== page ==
I’ve come across a class in the System.Security namespace that is often overlooked. The class is SecureString. In this post, I will go over what SecureString is and why it is needed.
Have you ever come across these scenarios before?
- A password appears in a log file accidentally.
- A password is being shown at somewhere – once a GUI did show a command line of application that was being run, and the command line consisted of the password.
- Using memory profiler to profile software with your colleague. Colleague sees your password in memory.
- Using RedGate software that could capture the “value” of local variables in case of exceptions, amazingly useful. Though, I can imagine that it will log “string passwords” accidentally.
- A crash dump that includes string password.
Do you know how to avoid all these problems? SecureString. It makes sure you don’t make silly mistakes as such. How does it avoid it? By making sure that password is encrypted in unmanaged memory and the real value can be only accessed when you are 90% sure what you’re doing.
In the sense, SecureString works pretty easily:
- Everything is encrypted
- User calls AppendChar
- Decrypt everything in UNMANAGED MEMORY and add the character
- Encrypt everything again in UNMANAGED MEMORY.
What if the user has access to your computer? Would a virus be able to get access to all the SecureStrings? Yes. All you need to do is hook yourself into RtlEncryptMemory then decrypt the memory, and you will get the location of the unencrypted memory address, and read it out. Voila! In fact, you could make a virus that will continuously scan for usage of SecureString and log all the activities with it. I am not saying it will be an easy task, but it can be done. As you can see, the “powerfulness” of SecureString is completely gone once there’s a user/virus on your system.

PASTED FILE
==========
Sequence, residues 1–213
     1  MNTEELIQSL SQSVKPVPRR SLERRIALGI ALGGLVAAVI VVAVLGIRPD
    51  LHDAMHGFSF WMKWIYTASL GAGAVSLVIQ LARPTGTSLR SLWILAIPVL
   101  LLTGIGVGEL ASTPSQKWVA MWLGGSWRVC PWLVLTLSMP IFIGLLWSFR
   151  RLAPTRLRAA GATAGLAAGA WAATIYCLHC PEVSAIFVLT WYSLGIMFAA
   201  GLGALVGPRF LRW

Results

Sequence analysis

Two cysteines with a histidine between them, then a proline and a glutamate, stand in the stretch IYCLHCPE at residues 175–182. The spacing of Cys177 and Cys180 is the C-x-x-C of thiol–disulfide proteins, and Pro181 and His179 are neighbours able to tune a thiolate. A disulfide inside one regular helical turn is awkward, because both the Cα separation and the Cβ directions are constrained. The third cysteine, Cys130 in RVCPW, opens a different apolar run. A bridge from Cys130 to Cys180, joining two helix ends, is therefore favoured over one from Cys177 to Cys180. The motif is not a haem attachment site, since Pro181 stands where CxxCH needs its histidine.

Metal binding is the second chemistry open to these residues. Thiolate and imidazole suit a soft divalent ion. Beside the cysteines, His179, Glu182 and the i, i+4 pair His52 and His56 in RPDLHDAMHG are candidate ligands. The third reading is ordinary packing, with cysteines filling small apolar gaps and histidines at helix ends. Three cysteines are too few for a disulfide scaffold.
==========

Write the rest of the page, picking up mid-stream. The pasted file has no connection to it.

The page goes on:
You have few points in your post. Sure, if you use some of the UI controls that hold “string password” internally, using actual SecureString is not that useful.
The bottom line is; if you have sensitive data(passwords, credit cards, ..), use SecureString. This is what C# Framework is following. For example, NetworkCredential class stores password as SecureString. If you look this, you can see over ~80 different usages in .NET framework of SecureString.
There are many cases when you have to convert SecureString to string because some API expects it.
The usual problem is either:
- The API is GENERIC. It does not know that there’s a sensitive data.
- The API knows that it’s dealing with sensitive data and uses “string” – that’s just bad design.
You raised a good point: what happens when you convert SecureString to a string? That can only happen because of the first point. Eg the API does not know that it’s sensitive data. I have personally not seen that happening. Getting string out of SecureString is not that simple.
It’s not simple for a simple reason; it was never intended to let the user convert SecureString to string, as you stated: GC will kick in. If you see yourself doing that, you need to step back and ask yourself: Why am I even doing this, or do I need this, why?
You can always extend the SecureString class with an extension method, such as ToEncryptedString(__SERVER__PUBLIC_KEY), which gives you a string instance of SecureString that is encrypted using server’s public key. The only server can then decrypt it. Problem solved, GC will never see the “original” string, as you never expose it in managed memory. This is precisely what is being done in PSRemotingCryptoHelper (EncryptSecureStringCore(SecureString secureString)).
And as something very almost-related: Mono SecureString does not encrypt at all. The implementation has been commented out because ..wait for it. “It somehow causes nunit test breakage”, which brings to my last point: